Westonia, Western Australia
|LGA(s)||Shire of Westonia|
|State electorate(s)||Central Wheatbelt|
Westonia came into existence with the discovery in 1910 of gold in the area, by a sandalwood cutter named Alfred Weston (May 17, 1876 - September 26, 1924). Initially the area was known as Weston's Reward and later as Westons. By 1915 there were two major mines in the area, and the population was in excess of 500. By 1917 the area, by then known as Westonia, had a population of more than 2,000. In 1919, low gold prices forced the closure of the mines, and many people left the area. Westonia was gazetted as a town in February 1926. In 1935 one of the mines reopened, but closed again in 1948, only to be reopened in 1985. The mine then closed once again in 1991. In mid-2009, it was announced that mining would once again commence at Westonia's Edna May Gold Mine, with the first gold pour anticipated for May 2010, coinciding with the centenary of the discovery of gold in the district.
In October 2009, Westonia won the Tidy Towns - Sustainable Communities competition for the Central Wheatbelt region. Westonia won the same title in October 2010, and was also declared the state winner in November 2010.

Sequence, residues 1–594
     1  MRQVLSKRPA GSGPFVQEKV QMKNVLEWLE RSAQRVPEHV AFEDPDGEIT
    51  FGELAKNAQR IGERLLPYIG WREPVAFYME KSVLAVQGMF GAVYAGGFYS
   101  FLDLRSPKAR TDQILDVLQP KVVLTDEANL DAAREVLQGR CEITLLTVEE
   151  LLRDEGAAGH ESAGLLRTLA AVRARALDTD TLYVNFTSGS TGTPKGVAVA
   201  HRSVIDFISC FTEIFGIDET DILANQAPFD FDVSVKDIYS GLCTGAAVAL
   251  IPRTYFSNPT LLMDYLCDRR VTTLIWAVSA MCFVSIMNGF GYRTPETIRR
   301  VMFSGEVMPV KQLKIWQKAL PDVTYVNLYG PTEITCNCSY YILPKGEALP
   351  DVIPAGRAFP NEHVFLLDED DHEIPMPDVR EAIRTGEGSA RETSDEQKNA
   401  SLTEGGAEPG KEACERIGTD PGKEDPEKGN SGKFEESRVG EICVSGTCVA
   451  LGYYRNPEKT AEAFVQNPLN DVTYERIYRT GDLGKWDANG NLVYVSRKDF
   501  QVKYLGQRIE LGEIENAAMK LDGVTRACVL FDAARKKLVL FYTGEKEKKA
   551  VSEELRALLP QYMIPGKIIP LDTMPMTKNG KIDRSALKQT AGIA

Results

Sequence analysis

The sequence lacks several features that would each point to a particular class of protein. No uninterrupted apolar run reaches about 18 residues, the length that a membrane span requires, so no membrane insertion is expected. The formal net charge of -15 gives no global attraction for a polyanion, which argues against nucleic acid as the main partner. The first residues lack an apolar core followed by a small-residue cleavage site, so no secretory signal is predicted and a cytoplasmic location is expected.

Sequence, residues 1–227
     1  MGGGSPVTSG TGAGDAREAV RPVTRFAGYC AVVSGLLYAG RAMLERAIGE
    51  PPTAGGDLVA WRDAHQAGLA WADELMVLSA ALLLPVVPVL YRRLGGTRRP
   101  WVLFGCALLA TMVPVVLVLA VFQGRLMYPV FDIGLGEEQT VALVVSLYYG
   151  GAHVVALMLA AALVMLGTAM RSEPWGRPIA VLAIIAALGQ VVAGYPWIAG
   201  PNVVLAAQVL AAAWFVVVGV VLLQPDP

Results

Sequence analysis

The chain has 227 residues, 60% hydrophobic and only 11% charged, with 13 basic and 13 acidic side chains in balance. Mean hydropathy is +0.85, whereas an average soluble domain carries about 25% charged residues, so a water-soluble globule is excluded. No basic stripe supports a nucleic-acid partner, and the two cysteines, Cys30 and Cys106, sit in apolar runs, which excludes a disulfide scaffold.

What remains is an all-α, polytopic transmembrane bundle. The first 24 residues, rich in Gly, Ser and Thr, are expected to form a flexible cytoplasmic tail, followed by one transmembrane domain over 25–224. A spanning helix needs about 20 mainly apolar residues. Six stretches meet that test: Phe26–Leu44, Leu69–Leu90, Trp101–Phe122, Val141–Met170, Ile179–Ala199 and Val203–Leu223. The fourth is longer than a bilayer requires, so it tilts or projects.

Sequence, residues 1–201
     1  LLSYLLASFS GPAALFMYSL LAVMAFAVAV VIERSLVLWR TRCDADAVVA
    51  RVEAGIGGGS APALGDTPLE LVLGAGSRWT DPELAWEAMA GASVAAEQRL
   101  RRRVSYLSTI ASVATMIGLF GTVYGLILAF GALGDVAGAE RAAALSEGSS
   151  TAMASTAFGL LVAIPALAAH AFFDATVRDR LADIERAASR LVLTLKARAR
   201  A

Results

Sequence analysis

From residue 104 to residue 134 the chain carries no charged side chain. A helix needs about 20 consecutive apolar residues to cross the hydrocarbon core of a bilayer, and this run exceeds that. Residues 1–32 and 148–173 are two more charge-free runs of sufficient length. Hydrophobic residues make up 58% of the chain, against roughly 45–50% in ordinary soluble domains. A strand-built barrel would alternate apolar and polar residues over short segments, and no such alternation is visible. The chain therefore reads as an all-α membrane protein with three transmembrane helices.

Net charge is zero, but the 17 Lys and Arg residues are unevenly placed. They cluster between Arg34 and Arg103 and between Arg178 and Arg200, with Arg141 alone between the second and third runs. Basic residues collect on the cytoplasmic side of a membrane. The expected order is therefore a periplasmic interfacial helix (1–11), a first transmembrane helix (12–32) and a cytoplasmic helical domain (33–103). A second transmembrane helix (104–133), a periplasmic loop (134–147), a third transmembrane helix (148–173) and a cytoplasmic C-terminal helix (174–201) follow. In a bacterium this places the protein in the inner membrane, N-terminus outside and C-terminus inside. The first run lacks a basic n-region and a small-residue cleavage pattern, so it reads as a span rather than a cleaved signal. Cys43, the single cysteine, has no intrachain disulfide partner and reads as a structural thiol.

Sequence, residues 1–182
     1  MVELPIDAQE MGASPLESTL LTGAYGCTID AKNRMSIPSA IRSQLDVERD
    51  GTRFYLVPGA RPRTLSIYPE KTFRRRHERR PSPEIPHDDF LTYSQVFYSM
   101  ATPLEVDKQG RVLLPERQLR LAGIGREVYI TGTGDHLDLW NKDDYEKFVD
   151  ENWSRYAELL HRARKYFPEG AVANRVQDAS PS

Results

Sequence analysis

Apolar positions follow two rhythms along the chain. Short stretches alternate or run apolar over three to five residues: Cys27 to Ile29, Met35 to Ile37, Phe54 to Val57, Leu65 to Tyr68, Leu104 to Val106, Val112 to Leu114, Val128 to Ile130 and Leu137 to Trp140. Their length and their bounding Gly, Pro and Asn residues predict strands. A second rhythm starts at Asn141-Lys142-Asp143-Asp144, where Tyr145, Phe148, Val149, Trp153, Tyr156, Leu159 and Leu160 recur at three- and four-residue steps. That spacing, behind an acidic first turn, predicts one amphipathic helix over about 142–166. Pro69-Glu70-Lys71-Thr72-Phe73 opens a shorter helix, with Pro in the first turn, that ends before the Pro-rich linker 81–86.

Things to see
- Westonia Historic Townsite
- Wolfram Street Facades
- Westonia Caravan Park
- Westonia Common
- Boodalin Soak
- Elachbutting Rock
- Yanneymooning Reserve
- Baladjie Rock
- Edna May Gold Mine
- Australian Bureau of Statistics (31 October 2012). "Westonia (SSC) (State Suburb)". 2011 Census QuickStats. Retrieved 2013-03-03.
- Western Australian Land Information Authority. "History of country town names". Retrieved 2007-03-25.
- "Catalpa Resources - Projects". www.catalparesources.com.au. Retrieved 2009-10-27.
- "Westonia Picks Up Regional Tidy Town Award". www.dec.wa.gov.au. Retrieved 2009-10-27.
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